first_imgBoth businesses and salespeople have to make a choice as to whether to be transactional or whether to create some higher level of value.An individual salesperson has the power to create a higher level of value for their clients. But doing so requires that the salesperson knows and understands their role, as well as developing their ability to create value.The nature of the relationships between sales organizations and their salespeople with their clients has changed. It is no longer enough to have a relationship based solely on a personal relationship. Lasting business relationships require an economic benefit as well.All things being equal, relationships win. All things being unequal, relationships still win. It is the salesperson’s role to ensure that all things are unequal and, by doing so, tilt the playing field in their direction.It is better to do battle for mind share than it is to do battle on a spreadsheet. It is better to have a relationship that enables value creation, value conversations, and collaboration than it is to compete on measures that ignore subjective decision criteria and over weight allegedly objective criteria.A process that enables opportunity creation is more powerful than a process that favors responding to existing client needs. Effective salespeople sell from in front of the buyer’s process, not from behind.Business acumen and situational knowledge are more important than sales acumen.Effective salespeople can explain the process of change to their clients. They share the value proposition for every sales interaction, deliver that value, and gain the commitments necessary to moving the process of change forward.The foundation of every relationship is trust. The foundation of trust is caring. Effective salespeople create trust by being other-focused as opposed to self-oriented.It is no longer enough to react to your client’s needs once they have recognized some form of dissatisfaction. Salespeople must now be proactive and lead their clients to the new outcomes they need, guiding their thinking and managing change.The best opportunities are future-oriented, helping the client with their current challenge or opportunity as well as building a platform for future initiatives and future results. The best salespeople generate new ideas and present new initiatives quarter after quarter.Sales organizations and salespeople own the outcomes they sell. They are now accountable for the outcomes, regardless of the product, service, or solution they sell.Decisions that are expensive, complex, and risky require consensus. Salespeople need to enter into opportunities with the goal of identifying stakeholders and helping them build consensus.If you create value, you are entitled to capture a fair portion of the value that you create.last_img read more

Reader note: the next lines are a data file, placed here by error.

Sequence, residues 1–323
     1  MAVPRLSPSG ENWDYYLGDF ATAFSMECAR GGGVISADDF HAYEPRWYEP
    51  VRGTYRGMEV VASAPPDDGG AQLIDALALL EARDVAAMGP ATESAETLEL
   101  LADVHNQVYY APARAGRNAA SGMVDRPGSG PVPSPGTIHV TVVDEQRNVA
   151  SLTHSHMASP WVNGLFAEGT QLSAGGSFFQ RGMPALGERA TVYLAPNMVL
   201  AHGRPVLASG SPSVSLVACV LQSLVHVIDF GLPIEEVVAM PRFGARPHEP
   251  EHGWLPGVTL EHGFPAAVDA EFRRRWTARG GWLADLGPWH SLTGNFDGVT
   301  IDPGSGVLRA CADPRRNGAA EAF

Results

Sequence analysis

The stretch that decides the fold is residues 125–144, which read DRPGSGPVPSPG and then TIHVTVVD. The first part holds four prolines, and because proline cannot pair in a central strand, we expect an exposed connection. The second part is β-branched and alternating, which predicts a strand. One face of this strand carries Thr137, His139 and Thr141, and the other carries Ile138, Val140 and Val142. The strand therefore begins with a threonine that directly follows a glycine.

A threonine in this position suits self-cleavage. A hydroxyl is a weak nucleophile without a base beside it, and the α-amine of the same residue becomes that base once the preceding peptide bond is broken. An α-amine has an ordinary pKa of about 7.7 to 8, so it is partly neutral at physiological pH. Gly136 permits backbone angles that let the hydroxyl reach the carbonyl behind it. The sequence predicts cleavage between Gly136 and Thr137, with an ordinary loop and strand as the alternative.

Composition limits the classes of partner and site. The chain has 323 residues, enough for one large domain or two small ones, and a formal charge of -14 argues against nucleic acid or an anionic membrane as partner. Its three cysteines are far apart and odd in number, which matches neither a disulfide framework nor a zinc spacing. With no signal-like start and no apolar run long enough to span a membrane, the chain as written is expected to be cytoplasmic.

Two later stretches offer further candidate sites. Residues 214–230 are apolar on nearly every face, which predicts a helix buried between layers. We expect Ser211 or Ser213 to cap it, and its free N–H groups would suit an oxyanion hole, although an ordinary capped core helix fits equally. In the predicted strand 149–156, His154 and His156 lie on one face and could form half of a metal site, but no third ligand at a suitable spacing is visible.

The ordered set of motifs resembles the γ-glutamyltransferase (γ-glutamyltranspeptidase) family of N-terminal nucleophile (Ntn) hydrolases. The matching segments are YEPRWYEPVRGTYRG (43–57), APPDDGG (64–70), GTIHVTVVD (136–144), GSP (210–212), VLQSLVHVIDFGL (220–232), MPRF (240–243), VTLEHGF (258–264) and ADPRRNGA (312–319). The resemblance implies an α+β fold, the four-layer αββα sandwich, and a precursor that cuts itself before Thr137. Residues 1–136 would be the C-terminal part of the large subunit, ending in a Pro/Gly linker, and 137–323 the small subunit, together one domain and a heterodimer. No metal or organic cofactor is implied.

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Clarke leads Aus to record run-chase

first_imgCaptain Michael Clarke smashed 82 runs off 70 balls as Australia chased down England’s highest score against them to win a thrilling sixth one-day international by two wickets on Wednesday.Australia’s Michael Clarke raises his bat after scoring 50 against England in Sydney on Wednesday. APClarke was run out in the second-to-last over to leave Australia requiring 8 runs from 8 balls. Entering the final over needing 6 from 6, a wide and single were followed by John Hastings guiding a Chris Woakes delivery to the boundary to bring up the winning score of 334-8 with four balls to spare.The total was Australia’s best in a chase, eclipsing the 327 against South Africa at Port Elizabeth in 2002.”We’re winning, first and foremost, and it’s nice to be contributing with the bat,” Clarke said.”A few things didn’t go to plan with the ball for us, but we’re stoked to have chased those runs down.”Australia leads the seven-match series 5-1 heading into the final game at Perth on Sunday.Earlier, England made an imposing 333-6 at Sydney Cricket Ground after Jonathan Trott ignored leg cramps to make 137 off 126 deliveries, his second century in three games.”Nice to get a hundred,” Trott said. “It’s more memorable when you win the game.”Trott finished his innings with a runner after pulling up with cramps in the 42nd over. He was caught-and-bowled by Shaun Tait (2-60) off the penultimate ball of England’s highest ODI innings against Australia, surpassing the 320-8 in 1980 at Birmingham. It’s England third record total against the hosts on this tour.advertisement”It was great to see Trott play so well, all the same,” England captain Andrew Strauss said. “And 333 is a good score on any ground.”Strauss and Trott shared an 80-run partnership until the captain was caught by David Hussey at short midwicket off a Steve Smith ball for 63. Trott then partnered Ian Bell in a 104-run stand before Bell was dismissed for 45.The Australians started their chase confidently, with opener Shane Watson and Mitchell Johnson making half centuries, and Callum Ferguson adding 46 off 44 balls.A belligerent Watson, after eight boundaries in 33 balls, skied a Michael Yardy delivery to Strauss at short midwicket on 51 with Australia at 87-2 in the 13th over.Ferguson, brought into the side to replace the injured Shaun Marsh, shared a 79-run, third-wicket stand with Johnson until he needlessly ran himself out.Johnson batted fourth in place of Clarke and made his 57 from 59 balls before being stumped off a Kevin Pietersen delivery.”We had to take a few risks, I punted a bit on sending Mitch up the order and he played really well,” Clarke said. “He strikes the ball as clean as anyone.”Cameron White survived a video appeal for caught behind while on 15 but soon after was caught by Eoin Morgan off a rising Steven Finn delivery for 20.Despite that, Clarke brought up his second consecutive half century off 51 balls – including a six and a boundary in a 17-run, 44th over off James Anderson – as he and Hussey shared a 90-run partnership for the sixth wicket.The pair played shots at will until Hussey was caught behind off Finn (2-51) for 38, with Australia needing 17 off the final 16 balls.Pietersen, who made 29 in England’s innings, limped off the ground in the 19th over of the Australia innings after he appeared to twist his ankle while fielding a Ferguson shot. He returned four overs later and rejoined the bowling attack.last_img read more